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London Borough of Lambeth (17 007 746)

Category : Transport and highways > Parking and other penalties

Decision : Not upheld

Decision date : 21 Mar 2018

The Ombudsman's final decision:

Summary: The Council was not at fault for the way in which it dealt with Ms C’s penalty charge notice.

The complaint

  1. Ms C complains that the Council did not treat her fairly after she received a penalty charge notice (PCN) for a parking violation.

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The Ombudsman’s role and powers

  1. We investigate complaints of injustice caused by ‘maladministration’ and ‘service failure’. I have used the word ‘fault’ to refer to these. We cannot question whether a council’s decision is right or wrong simply because the complainant disagrees with it. We must consider whether there was fault in the way the decision was reached. (Local Government Act 1974, section 34(3), as amended)
  2. If we are satisfied with a council’s actions or proposed actions, we can complete our investigation and issue a decision statement. (Local Government Act 1974, section 30(1B) and 34H(i), as amended)

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How I considered this complaint

  1. I considered the information sent to the Ombudsman by the Council and applied the relevant law and guidance.
  2. I sent a copy of my draft decision to Ms C and the Council and invited comments.

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What I found

  1. The Council’s guidance on challenging a penalty charge notice (PCN) says challenges to PCNs must be made in writing.
  2. A challenger can make an informal challenge within 14 days. If an informal challenge is made after the 14-day period, the challenger will have to pay the full value of the PCN if the appeal is unsuccessful.
  3. A challenger can make a formal appeal after receiving a Notice to Owner (NTO). It must be made on one of the grounds set out on the NTO form. If the appeal is successful, the Council withdraws the PCN. If not, the challenger can appeal to the Environment Tribunal Adjudicators.
  4. If the challenger does not pay the penalty, the Council applies to the Traffic Enforcement Centre (TEC) for an order proving the debt. The challenger can apply to the TEC to have this order set aside by declaring they did not receive it.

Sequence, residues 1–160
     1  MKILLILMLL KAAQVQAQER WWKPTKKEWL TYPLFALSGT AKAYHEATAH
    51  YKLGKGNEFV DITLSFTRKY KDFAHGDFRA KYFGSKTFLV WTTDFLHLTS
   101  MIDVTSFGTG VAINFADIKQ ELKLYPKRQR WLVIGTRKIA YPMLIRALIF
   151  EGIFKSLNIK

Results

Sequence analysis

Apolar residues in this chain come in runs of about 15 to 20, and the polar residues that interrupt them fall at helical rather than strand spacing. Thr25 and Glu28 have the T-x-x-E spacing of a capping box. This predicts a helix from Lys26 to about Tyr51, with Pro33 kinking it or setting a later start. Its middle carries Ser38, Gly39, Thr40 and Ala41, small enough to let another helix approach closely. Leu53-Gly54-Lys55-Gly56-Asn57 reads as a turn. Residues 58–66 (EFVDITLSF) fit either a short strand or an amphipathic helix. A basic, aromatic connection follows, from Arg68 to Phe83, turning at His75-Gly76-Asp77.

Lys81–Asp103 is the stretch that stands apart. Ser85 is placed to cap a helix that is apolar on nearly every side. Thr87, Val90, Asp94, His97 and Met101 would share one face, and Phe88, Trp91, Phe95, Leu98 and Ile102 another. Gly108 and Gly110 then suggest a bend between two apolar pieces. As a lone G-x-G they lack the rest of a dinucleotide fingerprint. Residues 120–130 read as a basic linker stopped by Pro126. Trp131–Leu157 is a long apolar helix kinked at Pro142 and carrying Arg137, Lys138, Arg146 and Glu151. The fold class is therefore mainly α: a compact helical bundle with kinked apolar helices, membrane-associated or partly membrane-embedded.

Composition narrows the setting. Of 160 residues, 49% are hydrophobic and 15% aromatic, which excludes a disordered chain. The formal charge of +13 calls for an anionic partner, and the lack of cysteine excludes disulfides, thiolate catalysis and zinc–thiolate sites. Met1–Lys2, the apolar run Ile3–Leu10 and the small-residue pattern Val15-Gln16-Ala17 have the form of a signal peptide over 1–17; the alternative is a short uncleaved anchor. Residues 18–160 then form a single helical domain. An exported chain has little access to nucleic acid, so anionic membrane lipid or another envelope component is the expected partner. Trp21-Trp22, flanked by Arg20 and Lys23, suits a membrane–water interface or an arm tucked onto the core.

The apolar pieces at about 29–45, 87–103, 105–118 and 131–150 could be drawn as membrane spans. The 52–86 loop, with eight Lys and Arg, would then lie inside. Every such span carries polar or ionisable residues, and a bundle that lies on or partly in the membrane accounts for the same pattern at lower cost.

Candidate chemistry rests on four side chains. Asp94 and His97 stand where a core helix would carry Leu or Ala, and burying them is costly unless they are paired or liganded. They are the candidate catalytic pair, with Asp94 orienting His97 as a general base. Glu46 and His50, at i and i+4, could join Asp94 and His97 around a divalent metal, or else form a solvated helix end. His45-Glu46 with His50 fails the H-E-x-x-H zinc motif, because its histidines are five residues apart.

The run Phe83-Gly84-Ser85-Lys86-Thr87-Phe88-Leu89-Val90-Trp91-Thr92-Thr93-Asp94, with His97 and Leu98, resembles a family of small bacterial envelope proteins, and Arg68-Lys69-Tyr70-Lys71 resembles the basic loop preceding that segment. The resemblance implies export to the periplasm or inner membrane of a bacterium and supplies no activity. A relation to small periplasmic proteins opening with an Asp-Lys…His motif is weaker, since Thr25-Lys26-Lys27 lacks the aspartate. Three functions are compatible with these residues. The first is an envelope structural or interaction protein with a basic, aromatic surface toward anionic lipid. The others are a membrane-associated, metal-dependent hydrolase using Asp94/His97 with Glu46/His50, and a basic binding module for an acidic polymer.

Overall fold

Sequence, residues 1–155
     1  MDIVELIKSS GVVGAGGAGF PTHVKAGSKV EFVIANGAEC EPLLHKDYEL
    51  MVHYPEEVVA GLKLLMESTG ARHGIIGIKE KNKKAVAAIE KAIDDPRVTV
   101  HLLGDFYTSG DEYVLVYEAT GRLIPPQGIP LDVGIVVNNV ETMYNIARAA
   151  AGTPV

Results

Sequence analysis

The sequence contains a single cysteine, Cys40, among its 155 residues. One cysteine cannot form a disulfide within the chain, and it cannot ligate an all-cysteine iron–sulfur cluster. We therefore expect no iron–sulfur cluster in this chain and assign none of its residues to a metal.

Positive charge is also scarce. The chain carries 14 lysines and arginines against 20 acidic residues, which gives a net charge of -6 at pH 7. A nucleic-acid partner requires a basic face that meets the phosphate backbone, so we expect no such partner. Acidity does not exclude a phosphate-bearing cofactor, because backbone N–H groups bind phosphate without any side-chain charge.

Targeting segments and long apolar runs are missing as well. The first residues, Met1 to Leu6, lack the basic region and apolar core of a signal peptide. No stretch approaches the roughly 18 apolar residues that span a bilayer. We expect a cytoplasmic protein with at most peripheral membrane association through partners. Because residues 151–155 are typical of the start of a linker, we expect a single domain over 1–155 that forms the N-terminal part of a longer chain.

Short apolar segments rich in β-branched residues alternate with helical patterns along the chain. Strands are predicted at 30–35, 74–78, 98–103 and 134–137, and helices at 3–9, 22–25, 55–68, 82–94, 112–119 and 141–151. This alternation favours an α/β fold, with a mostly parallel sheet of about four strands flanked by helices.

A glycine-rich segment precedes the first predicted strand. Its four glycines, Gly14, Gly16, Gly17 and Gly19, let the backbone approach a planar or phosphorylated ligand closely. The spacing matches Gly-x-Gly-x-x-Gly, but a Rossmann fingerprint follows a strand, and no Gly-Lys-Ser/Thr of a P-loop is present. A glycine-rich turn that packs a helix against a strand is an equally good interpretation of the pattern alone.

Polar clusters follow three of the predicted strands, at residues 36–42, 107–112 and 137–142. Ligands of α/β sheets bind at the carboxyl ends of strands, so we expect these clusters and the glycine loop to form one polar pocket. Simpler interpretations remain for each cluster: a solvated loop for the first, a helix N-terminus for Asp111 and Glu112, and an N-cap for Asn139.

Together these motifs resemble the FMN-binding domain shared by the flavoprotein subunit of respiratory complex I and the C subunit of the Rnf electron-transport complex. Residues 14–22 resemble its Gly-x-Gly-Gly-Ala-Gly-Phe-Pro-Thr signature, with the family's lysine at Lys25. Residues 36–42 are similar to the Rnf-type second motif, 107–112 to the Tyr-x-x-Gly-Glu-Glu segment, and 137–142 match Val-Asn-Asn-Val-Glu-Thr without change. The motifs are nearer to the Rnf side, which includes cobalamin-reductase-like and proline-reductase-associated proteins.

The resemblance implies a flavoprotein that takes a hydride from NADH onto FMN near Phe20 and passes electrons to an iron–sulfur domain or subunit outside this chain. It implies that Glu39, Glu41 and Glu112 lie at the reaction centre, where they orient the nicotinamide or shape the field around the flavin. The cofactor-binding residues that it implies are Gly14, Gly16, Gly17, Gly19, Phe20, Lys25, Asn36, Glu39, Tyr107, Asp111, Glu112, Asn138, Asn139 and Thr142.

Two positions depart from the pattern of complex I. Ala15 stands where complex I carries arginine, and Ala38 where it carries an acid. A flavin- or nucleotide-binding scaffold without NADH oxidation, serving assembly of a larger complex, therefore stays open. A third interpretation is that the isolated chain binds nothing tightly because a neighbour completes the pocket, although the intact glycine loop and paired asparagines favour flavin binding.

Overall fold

Letters between the parties

  1. The Council says it sent numerous letters to Ms C. Ms C says she did not receive most of them. Ms C says she sent letters to the Council in late August and mid-October 2016. The Council says it did not receive them.
  2. I cannot know whether these letters were sent or received. I have, therefore, decided what was likely to have happened on the balance of probabilities.
  3. I find the Council sent all the letters it says it sent because councils do not generally lie about such matters. In fact, it would be difficult for a council to deliberately withhold a letter because their systems are automated.
  4. I have also decided Ms C sent the letters she claims to have sent to the Council.
  5. I also find Ms C did not receive the letters the Council sent her as she claims.
  6. I also find the Council did not receive the letters Ms C sent in August and October 2016. I have no reason to think the Council would lie, particularly as it accepts it received several other letters in December 2016 and thereafter.

What happened

  1. In late August 2016, Ms C’s car was parked near her home. Her resident’s parking permit had expired. A traffic warden issued a PCN.
  2. Ms C wrote to the Council’s parking services provider six days later. Her letter set out her reasons for contesting the PCN. Ms C’s grounds were that;
      1. the Council had failed to remind her to renew her residents’ parking permit; and
      2. parking enforcement officers often failed to issue PCNs to other cars parked illegally on her street making it unfair that she had received one.
  3. The Council did not receive it.
  4. Ms C received no response this letter (because the Council did not receive it). The Council sent an NTO in September. She did not receive it. She wrote to the Council again in mid-October 2016. The Council did not receive the letter.